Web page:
How do you know that a real-live human being is behind the past 14 weeks of blog posts exploring the individual questions posed to presidential candidates by ScienceDebate.org? Because people make mistakes. Last week I inadvertently posted the vaccine answers to the analysis about rare earth elements. Thanks to sijodk for politely pointing out the error. It was a case of cutting-and-pasting the wrong section into the post and then, because I was rushing, not reviewing the final product. I have now corrected the mistake on last week's post so that it's entirely about rare earths.
Scientific American's analysis of the vaccine answers by Governor Mitt Romney and President Barack Obama appear below.
Question #14. Vaccination and public health. Vaccination campaigns against preventable diseases such as measles, polio and whooping cough depend on widespread participation to be effective, but in some communities vaccination rates have fallen off sharply. What actions would you support to enforce vaccinations in the interest of public health, and in what circumstances should exemptions be allowed?
Mitt Romney's Response:
The first priority must be to ensure that America has adequate supplies of safe and effective vaccines. Making vaccines requires complex facilities and highly skilled workers, which means that America must continue to strengthen its advanced manufacturing capabilities.
Second, preventing outbreaks of these diseases also requires that these vaccines are used effectively. The vaccines only work to prevent outbreaks when a sufficient number of people are protected from the diseases and thus able to stop a bug from spreading from one person to the next, which means that the vast majority of Americans need to take steps to receive vaccinations.
Finally, America must have a robust research and development enterprise capable of constantly improving on the tools available to prevent these diseases. That means taking steps to ensure that America remains the most attractive place to develop and commercialize innovative, life-saving products like vaccines. The issue of medical innovation has arisen at several points throughout this survey, underscoring its importance to America’s scientific and economic leadership in the coming years. America has historically dominated the field, but uncompetitive policies in areas ranging from taxation to regulation to trade and human capital are threatening that leadership. Recent years have seen an unprecedented exodus of investment from the United States to more innovation-friendly markets. My innovation agenda, detailed above, is aimed at reversing that tide.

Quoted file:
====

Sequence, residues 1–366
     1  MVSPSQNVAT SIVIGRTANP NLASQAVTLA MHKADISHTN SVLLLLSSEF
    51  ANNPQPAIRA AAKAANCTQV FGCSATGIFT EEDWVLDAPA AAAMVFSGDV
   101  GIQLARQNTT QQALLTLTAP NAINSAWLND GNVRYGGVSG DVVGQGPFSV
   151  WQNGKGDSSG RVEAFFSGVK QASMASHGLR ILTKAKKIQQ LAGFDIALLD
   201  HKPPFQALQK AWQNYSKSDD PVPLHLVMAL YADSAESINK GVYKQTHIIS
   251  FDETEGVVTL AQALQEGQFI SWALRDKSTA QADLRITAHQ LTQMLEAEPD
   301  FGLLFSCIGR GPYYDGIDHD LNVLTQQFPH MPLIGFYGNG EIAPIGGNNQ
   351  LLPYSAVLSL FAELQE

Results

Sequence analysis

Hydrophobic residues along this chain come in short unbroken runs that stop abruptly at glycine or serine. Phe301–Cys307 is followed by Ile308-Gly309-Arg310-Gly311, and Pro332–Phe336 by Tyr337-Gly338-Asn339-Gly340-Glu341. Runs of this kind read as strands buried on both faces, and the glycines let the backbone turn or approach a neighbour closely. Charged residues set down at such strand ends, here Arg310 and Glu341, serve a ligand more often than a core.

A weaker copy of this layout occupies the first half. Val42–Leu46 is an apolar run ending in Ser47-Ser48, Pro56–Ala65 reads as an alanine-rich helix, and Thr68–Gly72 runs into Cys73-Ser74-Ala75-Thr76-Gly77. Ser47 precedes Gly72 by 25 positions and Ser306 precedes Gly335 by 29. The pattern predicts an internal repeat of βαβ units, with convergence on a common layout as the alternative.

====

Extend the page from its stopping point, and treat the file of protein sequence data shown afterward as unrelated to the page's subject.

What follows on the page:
Barack Obama's Response:
Today, there are too many Americans who do not get the preventive health care services they need to stay healthy. Many people put off preventive care because the deductibles and copays are too expensive. That’s why I fought for the Affordable Care Act, which will make sure all Americans have access to quality preventive health care services. Under the Affordable Care Act, Americans can now get vital preventive services – including the full suite of routine vaccines recommend by the Advisory Committee on Immunization Practices – with no co-pay or deductible. The health care law also created the Prevention and Public Health Fund, an investment in promoting wellness, preventing disease, and investing in public health infrastructure across the country. It will help us transform our health care system from a focus on sickness and disease to a focus on prevention and wellness. The law also proves authority to states to purchase adult vaccines with state funds at federally-negotiated prices, supporting state vaccination programs. Ultimately, I believe the health care law is a significant step forward in ensuring that every American has access to the preventive care and immunizations that they need to stay healthy.
SA declared the candidates’ answers a tie on this question for the following reasons:
ROMNEY correctly notes that the “vaccines only work to prevent outbreaks when a sufficient number of people are protected from the diseases” but offers no solutions to increase vaccination rates. He focuses on business aspects of making and researching vaccines and scores higher on feasibility but loses credit for not answering the question completely.
OBAMA uses the question as a springboard to talk about the Affordable Care Act (ACA), which was enacted into law in 2010. He accurately notes that the ACA is expanding access to preventive health care services, including vaccines. Yet he ignores a major reason why vaccine rates are falling in some communities—the erroneous belief that vaccines might cause autism.
To read the candidates’ answers to all 14 questions, click here. To find out how Scientific American rated all the answers, click here. (SA’s full analysis of the responses, along with a terrific article by Shawn Lawrence Otto on “America’s Science Problem,” appeared in the November issue, which we released last week.)
Election 2012 button used under Creative Commons license BY 2.0.